ALMOST half of all marriages end in divorce, so some are recommending an unlikely way for couples to get their spark back – taking a lover.
The monogamish movement says partners can have sexual experiences with other people – read on to find out more.
What is monogamish?
Monogamish is a relationship style where a committed couple is mostly monogamous but there is room for occasional romantic or sexual involvement with others, with agreed rules.
To be monogamish means to be in a relationship that is mostly monogamous but that allows for a small amount of sexual openness—which differs between couples.
According to research, a staggering 30 per cent to 60 per cent of married couples will cheat at least once in their marriage.
Some people have difficulty staying monogamous over time, which can lead to infidelity, and in turn, divorce or separation.
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Monogamish could be an option.
“People think monogamy is sacred. But is it really, when so many people break that promise?” asks US sex and relationship expert Doctor Tara Suwinyattichaiporn, speaking with The Sun in September.
“This can be the answer to the divorce epidemic,” says Dr Tara, who has joined the current series of E4’s Celebs Go Dating as a mentor.
Not to be confused with polyamory, monogamish relationships are closer to ethical non-monogamy, or open relationships.
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The term monogamish was made popular by Dan Savage, America’s leading sex-advice columnist.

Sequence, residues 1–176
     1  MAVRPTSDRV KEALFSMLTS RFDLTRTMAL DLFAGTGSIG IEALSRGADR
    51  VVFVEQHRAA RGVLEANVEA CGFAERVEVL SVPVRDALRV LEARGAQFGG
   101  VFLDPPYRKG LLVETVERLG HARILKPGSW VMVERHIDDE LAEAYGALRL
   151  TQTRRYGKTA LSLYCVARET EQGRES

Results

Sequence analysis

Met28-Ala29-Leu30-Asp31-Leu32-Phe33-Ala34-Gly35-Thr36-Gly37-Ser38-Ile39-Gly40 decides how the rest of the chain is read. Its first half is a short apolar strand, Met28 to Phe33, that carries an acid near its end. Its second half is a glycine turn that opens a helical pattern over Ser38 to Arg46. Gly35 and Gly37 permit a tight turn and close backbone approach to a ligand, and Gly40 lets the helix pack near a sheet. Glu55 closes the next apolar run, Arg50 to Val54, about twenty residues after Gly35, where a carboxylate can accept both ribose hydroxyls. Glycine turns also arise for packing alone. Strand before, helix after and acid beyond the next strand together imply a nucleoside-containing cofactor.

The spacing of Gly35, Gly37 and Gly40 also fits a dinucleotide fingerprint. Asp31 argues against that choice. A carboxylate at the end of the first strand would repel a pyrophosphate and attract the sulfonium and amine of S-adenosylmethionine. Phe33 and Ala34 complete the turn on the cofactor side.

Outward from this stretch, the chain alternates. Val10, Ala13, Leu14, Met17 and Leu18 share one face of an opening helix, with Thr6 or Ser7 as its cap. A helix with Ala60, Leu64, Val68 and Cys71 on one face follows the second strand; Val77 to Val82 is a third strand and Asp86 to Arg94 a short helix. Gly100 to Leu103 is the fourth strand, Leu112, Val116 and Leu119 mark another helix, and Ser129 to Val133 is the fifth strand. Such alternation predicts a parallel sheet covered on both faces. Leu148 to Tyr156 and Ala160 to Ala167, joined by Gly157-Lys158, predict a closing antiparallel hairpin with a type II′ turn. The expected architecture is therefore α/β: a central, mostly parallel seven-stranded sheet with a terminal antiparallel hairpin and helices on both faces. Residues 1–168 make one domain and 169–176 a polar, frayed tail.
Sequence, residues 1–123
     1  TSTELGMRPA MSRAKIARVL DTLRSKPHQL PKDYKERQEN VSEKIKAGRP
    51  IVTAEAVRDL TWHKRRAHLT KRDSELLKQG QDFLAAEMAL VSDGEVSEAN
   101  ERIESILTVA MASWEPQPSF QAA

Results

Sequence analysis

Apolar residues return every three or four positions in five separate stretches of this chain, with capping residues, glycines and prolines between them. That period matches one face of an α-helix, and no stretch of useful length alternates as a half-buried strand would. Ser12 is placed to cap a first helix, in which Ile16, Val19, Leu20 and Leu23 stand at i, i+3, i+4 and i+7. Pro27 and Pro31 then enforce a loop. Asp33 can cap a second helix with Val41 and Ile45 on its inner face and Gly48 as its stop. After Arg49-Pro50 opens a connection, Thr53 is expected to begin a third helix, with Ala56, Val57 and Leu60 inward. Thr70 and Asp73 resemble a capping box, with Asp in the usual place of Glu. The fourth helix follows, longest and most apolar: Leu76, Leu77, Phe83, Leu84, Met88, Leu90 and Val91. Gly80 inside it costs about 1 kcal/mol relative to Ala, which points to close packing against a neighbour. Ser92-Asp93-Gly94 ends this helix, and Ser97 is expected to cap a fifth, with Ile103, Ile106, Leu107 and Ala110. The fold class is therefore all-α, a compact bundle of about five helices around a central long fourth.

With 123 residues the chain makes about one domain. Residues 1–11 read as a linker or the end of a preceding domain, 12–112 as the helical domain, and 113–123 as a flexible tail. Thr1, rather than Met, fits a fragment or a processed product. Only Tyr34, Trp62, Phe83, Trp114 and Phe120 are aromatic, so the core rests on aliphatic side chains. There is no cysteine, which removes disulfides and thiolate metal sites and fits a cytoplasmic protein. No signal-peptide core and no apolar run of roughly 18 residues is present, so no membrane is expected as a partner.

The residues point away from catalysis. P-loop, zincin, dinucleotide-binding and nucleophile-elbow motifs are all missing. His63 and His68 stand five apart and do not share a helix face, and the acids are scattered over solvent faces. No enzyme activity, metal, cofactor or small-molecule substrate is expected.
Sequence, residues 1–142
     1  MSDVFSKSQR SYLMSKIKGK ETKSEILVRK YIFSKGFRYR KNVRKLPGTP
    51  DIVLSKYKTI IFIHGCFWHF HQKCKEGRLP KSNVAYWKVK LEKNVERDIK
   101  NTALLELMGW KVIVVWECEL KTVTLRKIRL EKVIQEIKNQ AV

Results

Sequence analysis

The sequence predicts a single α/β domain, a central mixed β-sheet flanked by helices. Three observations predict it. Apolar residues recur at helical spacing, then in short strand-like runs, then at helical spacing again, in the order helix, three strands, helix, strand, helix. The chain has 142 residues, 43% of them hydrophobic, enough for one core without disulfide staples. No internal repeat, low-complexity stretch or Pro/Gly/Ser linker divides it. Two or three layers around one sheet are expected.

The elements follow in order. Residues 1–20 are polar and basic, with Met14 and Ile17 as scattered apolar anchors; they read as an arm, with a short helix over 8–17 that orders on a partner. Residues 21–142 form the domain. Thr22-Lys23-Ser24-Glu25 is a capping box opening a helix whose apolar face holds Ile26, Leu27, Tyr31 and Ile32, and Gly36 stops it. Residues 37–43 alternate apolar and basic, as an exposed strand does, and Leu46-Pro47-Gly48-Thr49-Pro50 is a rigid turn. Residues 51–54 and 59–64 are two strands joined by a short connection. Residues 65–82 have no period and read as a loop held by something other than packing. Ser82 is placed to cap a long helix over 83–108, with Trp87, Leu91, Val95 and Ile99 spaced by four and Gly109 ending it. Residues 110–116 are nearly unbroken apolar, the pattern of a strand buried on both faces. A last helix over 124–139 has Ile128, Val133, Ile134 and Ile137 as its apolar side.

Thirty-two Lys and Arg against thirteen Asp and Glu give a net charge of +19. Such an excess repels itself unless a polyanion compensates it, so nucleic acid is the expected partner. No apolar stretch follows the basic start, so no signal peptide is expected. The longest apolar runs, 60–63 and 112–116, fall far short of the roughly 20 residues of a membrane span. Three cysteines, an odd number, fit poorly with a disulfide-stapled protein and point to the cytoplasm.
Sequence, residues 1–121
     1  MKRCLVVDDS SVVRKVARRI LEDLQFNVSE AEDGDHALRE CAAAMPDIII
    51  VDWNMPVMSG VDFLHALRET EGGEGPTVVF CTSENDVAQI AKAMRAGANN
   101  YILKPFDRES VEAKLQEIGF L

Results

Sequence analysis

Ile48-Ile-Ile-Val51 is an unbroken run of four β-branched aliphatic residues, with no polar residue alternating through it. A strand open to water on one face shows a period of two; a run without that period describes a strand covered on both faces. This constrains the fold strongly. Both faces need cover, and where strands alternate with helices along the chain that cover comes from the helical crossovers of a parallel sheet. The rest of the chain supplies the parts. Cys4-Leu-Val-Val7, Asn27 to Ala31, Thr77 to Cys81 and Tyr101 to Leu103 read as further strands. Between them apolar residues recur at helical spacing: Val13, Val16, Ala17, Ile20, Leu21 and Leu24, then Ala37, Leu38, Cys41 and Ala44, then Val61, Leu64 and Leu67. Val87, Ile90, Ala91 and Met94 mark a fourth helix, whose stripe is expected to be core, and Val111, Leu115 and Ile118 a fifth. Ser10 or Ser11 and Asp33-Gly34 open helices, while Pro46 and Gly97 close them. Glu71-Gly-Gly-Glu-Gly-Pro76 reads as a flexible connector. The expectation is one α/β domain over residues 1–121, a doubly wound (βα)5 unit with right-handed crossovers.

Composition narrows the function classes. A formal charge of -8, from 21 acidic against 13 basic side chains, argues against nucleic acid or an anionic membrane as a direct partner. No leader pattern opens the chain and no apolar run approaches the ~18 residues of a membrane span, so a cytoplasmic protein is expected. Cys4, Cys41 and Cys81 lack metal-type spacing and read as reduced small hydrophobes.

Savage believes monogamy is right for many couples and is in a committed relationship himself, but thinks we need to move past the idea that infidelity should automatically lead to divorce or a break-up.
Dr Tara, who practises monogamish with her husband says: “There has been a surge in couples doing this.”
She says a huge number of couples have come to her for advice on being monogamish— an equal number of men and women.
How to tell if you are monogamish
Monogamish is a choice a couple makes and therefore needs to be handled delicately within a relationship.
If you’re thinking about introducing your partner to the idea, Dr Tara advises having the conversation “in a non-sexual context […] You need to say, ‘What do you think about this?’ Do not say, ‘I want’.”
“So if you just had sex or you were about to have sex and start talking about monogamish, your partner will link it to themselves and think they’re not good enough.
Couples should only take the next step if both parties are fully on board and keen to explore future options, Dr Tara stresses.
For monogamish relationships to work, couples have to detach emotions from sex, which many people can’t— or don’t want to— do.
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But without this detachment, jealousy and feelings of insecurity can rear their heads and blow the relationship apart.
Some suggest thrill-seekers and those who can separate sex from emotion would be best suited to a monogamish arrangement, whereas those who fear abandonment and struggle with anxiety might be best advised to stick to monogamy.
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